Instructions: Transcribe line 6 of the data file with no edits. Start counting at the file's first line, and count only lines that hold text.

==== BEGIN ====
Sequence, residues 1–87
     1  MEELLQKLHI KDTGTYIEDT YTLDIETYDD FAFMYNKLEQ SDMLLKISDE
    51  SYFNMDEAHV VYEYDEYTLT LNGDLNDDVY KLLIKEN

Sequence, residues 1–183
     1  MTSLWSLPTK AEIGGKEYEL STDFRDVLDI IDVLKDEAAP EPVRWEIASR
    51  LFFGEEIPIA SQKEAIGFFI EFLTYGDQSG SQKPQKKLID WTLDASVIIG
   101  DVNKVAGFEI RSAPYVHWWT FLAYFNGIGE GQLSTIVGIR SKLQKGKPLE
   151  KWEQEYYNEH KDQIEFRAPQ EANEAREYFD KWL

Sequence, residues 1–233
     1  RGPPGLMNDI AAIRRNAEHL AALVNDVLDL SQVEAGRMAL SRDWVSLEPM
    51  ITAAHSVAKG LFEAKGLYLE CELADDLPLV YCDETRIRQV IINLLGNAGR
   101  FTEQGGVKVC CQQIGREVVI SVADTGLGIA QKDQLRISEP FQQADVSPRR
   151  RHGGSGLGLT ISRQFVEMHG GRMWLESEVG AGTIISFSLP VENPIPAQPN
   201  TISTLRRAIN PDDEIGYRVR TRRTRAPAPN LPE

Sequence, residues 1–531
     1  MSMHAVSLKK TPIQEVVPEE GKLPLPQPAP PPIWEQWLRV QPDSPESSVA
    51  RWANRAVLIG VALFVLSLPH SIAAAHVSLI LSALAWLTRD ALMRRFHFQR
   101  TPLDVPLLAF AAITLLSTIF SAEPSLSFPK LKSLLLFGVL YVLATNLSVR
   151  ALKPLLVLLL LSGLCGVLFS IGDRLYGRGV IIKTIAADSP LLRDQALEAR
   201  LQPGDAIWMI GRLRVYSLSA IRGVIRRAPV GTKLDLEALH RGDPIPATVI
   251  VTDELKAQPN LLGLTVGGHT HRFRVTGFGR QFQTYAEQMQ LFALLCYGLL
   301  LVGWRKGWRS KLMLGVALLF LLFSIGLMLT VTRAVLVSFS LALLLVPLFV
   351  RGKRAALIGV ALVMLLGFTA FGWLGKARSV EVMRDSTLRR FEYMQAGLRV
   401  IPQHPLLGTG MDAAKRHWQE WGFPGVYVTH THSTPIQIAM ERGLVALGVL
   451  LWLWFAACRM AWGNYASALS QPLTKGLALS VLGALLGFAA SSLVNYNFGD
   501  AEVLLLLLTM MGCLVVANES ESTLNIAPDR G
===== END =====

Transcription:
    51  LFFGEEIPIA SQKEAIGFFI EFLTYGDQSG SQKPQKKLID WTLDASVIIG